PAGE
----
Chapter 5

Bluetooth Connectivity

Bluetooth® is a wireless technology used for exchanging data between devices over short distances. The Bluetooth standard is maintained by the Bluetooth Special Interest Group (SIG).

The Bluetooth Classic standard specifies two PHY modes: Basic Rate (BR) and Enhanced Data Rate (EDR). In addition, the more recent Bluetooth Low Energy (LE) standard focuses on applications in the healthcare, fitness, security, smart building, and home entertainment industries. Bluetooth design challenges exist in the areas of transceiver chip design, coexistence modeling, mesh networking performance, RF design, and localization performance.


Waveform Generation and Link Simulation

To enable transceiver testing, Bluetooth engineers must have standards-based waveforms available. MathWorks Bluetooth® Toolbox provides waveform generation capabilities for all possible Bluetooth variants, whether BR, EDR, or LE.

Those same Bluetooth engineers must also assess BER/PER performance of end-to-end links in the presence of RF impairments and interference. They must also account for path loss in office, factory, and outdoor environments.

Visualization of Bluetooth LE waveform, showing spectral analysis, constellation diagram, and eye diagram.

App-based Bluetooth LE waveform generation.


Coexistence Modeling

Since Bluetooth and WLAN systems operate in the same 2.4 GHz frequency band, they must coexist with each other. Bluetooth designers must develop adaptive frequency hopping (AFH) algorithms that can avoid interference from the much wider bandwidth WLAN signals. To effectively model these systems, they must simulate both the physical layer and the MAC layer.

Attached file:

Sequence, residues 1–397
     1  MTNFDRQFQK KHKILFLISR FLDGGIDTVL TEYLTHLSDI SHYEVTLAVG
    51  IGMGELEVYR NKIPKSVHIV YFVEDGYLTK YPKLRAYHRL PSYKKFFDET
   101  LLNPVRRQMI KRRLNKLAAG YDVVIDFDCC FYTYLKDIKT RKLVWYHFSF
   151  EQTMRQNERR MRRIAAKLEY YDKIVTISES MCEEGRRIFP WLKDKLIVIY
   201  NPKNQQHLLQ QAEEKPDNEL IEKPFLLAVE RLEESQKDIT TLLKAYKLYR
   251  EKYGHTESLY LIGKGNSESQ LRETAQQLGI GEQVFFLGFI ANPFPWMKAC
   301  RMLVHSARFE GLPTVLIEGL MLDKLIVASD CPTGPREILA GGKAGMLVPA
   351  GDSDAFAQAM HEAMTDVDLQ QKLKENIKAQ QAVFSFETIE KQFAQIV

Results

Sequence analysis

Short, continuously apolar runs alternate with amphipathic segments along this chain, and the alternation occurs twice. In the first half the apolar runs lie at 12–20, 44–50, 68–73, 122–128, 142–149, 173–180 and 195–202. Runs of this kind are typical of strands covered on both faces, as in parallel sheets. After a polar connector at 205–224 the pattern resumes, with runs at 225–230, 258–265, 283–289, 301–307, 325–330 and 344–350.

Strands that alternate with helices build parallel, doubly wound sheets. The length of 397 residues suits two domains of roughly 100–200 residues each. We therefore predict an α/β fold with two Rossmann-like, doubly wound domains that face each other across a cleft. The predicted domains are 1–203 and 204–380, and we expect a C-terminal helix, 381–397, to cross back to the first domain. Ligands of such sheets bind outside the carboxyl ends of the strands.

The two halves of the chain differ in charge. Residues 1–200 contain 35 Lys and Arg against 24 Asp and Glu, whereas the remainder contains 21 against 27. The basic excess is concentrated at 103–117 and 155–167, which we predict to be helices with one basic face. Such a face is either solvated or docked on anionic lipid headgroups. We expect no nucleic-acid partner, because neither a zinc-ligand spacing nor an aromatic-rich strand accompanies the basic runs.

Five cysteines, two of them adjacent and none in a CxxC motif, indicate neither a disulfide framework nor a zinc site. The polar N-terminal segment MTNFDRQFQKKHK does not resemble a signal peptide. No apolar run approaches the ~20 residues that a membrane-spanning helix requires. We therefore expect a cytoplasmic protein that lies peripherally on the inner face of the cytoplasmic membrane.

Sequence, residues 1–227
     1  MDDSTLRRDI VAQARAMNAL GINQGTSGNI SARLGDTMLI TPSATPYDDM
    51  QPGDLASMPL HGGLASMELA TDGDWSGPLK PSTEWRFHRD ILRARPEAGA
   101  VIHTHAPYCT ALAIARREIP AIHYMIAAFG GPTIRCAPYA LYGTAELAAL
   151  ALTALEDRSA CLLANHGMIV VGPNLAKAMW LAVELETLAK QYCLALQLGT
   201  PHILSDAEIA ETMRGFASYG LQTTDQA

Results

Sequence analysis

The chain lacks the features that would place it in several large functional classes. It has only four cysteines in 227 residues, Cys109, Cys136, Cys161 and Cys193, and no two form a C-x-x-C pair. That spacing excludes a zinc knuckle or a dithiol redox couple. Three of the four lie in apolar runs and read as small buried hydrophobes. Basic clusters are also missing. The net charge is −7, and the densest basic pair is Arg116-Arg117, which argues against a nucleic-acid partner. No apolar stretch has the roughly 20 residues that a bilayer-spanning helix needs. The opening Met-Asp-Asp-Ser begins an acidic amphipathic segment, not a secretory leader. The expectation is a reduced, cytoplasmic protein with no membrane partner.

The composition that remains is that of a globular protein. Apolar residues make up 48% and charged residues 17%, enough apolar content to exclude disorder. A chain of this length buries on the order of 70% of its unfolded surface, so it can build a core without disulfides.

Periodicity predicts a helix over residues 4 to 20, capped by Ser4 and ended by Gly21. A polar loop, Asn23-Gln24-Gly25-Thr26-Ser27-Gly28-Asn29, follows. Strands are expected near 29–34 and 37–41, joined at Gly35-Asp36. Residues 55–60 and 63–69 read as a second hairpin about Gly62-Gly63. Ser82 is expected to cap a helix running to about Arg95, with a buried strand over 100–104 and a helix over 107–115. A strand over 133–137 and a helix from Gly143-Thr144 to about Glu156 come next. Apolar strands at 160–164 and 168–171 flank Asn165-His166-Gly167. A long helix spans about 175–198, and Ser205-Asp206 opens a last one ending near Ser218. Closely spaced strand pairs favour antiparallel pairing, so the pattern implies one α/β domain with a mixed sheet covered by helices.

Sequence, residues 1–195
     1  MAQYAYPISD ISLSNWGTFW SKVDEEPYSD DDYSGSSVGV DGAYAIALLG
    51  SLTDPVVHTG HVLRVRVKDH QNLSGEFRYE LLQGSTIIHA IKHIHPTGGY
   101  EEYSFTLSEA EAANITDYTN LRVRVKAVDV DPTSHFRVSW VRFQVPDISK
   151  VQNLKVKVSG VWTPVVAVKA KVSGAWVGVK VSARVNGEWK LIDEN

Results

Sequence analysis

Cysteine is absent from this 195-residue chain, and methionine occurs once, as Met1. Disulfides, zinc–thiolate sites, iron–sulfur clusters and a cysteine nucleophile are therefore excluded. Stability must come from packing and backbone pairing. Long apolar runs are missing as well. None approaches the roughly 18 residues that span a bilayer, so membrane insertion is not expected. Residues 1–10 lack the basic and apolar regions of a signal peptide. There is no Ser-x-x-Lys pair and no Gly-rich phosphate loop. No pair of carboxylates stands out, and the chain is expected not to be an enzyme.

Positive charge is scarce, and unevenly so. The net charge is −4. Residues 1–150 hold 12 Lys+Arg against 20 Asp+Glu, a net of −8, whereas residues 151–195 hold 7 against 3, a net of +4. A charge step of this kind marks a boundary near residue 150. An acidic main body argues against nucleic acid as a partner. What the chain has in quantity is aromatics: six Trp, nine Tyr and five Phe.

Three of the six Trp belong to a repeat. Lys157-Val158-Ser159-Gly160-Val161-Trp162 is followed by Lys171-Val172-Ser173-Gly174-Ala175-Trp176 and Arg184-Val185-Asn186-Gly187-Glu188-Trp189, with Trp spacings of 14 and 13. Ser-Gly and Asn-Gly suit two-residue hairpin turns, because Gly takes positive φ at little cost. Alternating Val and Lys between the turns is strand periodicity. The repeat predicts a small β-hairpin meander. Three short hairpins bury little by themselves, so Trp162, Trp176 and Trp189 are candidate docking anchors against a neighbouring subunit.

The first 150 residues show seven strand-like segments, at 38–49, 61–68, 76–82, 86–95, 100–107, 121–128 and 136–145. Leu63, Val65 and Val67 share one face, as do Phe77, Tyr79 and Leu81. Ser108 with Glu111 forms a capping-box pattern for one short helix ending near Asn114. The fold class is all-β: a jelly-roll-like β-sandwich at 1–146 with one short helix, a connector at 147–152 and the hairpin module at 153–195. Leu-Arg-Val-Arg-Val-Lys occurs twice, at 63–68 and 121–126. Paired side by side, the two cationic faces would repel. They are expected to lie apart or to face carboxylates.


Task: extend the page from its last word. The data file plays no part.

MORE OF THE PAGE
Also, when Bluetooth systems include more than one peripheral node, the central node must schedule network communications to optimize quality of service (QoS) metrics like aggregate throughput, latency, and packet delivery ratio.

Spectrum and spectrogram of Bluetooth-WLAN coexistence prior to Bluetooth adaptive frequency hopping.

Spectral view of Bluetooth-WLAN coexistence.



Bluetooth is now one of many wireless technologies that can provide localization, or positioning, services. It competes with 5G, WLAN, and ultra-wideband (UWB) in this arena. Localization solution providers must compare the performance of these disparate systems to make the choice most suited to their use case. Bluetooth device manufacturers must choose appropriate antenna arrays to implement triangulation solutions with angle of departure (AoD) and angle of arrival (AoA) techniques.

Bluetooth LE localization results with three locator nodes and angle of arrival processing.

Bluetooth LE positioning with direction finding.

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